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10 top tips for enhancing mental and physical wellbeing

Published on 24/04/20

When we announced that one of our employee wellbeing initiatives last October was to promote 'healthy bodies and healthy minds', we didn't realise just how vitally important this focus was going to become less than six months later.

We know that in the midst of a global pandemic with life turned upside down and 'social distancing' the phrase on everyone's lips, it can sometimes be hard to see the light at the end of tunnel.

To help both our employees and our customers to cope with the changing situation, we've come up with 10 top tips to help enhance your mental and physical wellbeing. 

1. Take it one day at a time

The big picture can be terrifying and the uncertainty of not knowing what the future holds can often send your heart racing, your nerves fluttering and your stomach churning. All of these are unfortunately indicators of stress and anxiety. To try and manage this effectively, it's important to take a moment and refocus on the here and now - taking it one day, or even one hour if needs be, at a time.

Manage your stress: An NHS calming breathing exercise you can do to lower stress and anxiety.

2. Find your routine

As this is the new 'normal' for a while, it's important to find a new routine for your day to give you structure and keep you focused. Try and allocate a specific area of your house for working in, so that you can definitively 'switch off' at the end of the day and help maintain that balance between your work and personal life. 

Top tip: We all know that pyjamas are amazing - but getting dressed each day can help encourage your work/learning mindset. Plus, when you change into your comfy slacks later on in the day, you'll know it's definitely time to relax!

3. Keep in touch and stay connected

Just because you're at home for the foreseeable, doesn't mean you have to be isolated or alone. Make sure to keep in regular communication with your friends, family and colleagues via video calling, voice chat, emails or letters. Seeing the faces of loved ones and/or hearing their voices can really help brighten up your day. Perhaps you can organise a quiz, join an online workout or just simply sit and have a good old fashioned (virtual) chin-wag to pass the time.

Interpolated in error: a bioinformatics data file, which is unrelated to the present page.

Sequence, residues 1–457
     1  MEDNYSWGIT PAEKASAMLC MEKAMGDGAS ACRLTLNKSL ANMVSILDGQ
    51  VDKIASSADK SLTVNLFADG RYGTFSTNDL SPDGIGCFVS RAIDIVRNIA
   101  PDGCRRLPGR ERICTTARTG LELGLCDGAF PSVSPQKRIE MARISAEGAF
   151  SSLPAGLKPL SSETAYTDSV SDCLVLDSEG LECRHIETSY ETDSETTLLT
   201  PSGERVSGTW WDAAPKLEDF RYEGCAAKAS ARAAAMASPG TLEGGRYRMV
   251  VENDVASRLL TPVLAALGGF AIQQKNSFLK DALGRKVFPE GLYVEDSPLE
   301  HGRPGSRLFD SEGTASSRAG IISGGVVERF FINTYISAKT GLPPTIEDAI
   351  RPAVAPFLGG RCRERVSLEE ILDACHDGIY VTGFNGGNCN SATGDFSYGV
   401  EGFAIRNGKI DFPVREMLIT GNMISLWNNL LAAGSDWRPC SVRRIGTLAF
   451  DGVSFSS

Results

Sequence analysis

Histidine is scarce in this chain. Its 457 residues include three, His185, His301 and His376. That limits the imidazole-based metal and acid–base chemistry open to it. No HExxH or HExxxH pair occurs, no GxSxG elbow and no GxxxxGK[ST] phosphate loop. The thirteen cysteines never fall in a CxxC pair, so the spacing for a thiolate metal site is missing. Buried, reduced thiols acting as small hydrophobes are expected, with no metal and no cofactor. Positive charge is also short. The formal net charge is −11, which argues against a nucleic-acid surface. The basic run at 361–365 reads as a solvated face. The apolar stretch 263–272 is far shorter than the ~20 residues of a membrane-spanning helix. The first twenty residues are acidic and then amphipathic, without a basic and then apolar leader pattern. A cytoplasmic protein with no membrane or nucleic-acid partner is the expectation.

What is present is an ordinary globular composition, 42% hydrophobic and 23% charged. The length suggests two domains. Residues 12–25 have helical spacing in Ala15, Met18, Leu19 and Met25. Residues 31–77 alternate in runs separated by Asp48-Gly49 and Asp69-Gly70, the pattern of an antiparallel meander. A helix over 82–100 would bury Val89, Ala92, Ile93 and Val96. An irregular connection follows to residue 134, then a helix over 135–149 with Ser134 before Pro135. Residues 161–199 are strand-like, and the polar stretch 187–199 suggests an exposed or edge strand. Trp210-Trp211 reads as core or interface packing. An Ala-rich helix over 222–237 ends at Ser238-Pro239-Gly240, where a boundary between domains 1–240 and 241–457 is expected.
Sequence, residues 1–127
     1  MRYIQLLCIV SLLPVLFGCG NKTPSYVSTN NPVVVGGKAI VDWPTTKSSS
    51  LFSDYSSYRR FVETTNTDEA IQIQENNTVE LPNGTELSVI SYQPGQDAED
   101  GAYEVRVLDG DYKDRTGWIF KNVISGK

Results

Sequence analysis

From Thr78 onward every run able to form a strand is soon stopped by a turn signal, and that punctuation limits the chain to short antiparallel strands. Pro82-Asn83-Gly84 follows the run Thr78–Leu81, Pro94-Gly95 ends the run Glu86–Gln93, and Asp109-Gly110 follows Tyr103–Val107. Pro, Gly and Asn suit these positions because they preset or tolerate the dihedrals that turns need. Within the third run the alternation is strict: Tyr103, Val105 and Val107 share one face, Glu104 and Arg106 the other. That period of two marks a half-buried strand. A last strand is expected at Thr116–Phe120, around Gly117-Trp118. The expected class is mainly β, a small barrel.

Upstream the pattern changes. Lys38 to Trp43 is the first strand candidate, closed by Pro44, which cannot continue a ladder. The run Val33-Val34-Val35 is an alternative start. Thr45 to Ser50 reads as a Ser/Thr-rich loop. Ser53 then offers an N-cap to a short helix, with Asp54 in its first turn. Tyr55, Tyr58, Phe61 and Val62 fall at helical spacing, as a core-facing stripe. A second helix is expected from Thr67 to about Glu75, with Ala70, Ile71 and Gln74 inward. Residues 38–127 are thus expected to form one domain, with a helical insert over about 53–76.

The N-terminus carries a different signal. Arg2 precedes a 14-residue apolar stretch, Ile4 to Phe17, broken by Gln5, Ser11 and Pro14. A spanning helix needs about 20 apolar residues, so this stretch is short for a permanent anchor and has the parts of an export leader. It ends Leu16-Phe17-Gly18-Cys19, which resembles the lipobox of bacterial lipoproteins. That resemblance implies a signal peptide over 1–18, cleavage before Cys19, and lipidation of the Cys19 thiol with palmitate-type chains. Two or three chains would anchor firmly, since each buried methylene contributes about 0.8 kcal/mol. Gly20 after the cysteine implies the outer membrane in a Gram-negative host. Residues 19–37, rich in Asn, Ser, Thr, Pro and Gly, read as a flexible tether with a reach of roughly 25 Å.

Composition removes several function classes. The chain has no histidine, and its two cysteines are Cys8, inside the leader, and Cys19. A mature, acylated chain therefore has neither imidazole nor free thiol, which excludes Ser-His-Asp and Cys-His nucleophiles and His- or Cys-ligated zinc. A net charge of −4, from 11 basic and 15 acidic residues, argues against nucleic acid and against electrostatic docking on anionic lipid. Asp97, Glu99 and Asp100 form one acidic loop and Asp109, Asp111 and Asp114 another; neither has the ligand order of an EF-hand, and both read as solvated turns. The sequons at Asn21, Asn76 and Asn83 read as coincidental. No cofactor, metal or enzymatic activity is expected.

Read more: Parent zone has 8 activities to help you keep in touch with grandparents (but we think they're great ideas that can apply to everyone!) 

4. Keep active and get fresh air

The majority of people in the UK are allowed one hour of exercise a day* enabling them to get out of their house (alone or with family members*) and go for a run, walk or cycle. If you feel comfortable to do so, this is a great way to leave the four walls and get some fresh air whilst taking in some of the natural sights and sounds around your home. 

If you can't leave your house (shielding, isolating or simply don't want to) then there are lots of free online exercises that can be done within your home including the daily workout from Joe Wicks. Some online exercise classes and apps even have free trials for this COVID-19 period.

Alternatively, if exercise really isn't your thing, then make sure to crack open a window or step into your garden (if you have one) every so often to get some fresh air flowing around your home and your lungs. 

5. Limit social media and negative news

The Internet is a fantastic way to stay connected 24/7 to the events going on around us but it also has its pitfalls. Too much negative news and social media can be draining, alarming and even distressing to your mental (and physical) health. 

Pick a designated time of day to catch up on key messages and only use trusted sources such as the official government website or the NHS website or perhaps choose to just watch the daily briefing on TV.  This will help provide you with accurate, up to date information on the latest guidance and advice. 

In regards to social media, mute groups that you find overbearing or overwhelmingly negative, unfollow groups that share misleading or upsetting information and try to create a 'positive' social media safe space - following accounts with uplifting, or even unrelated, positive content.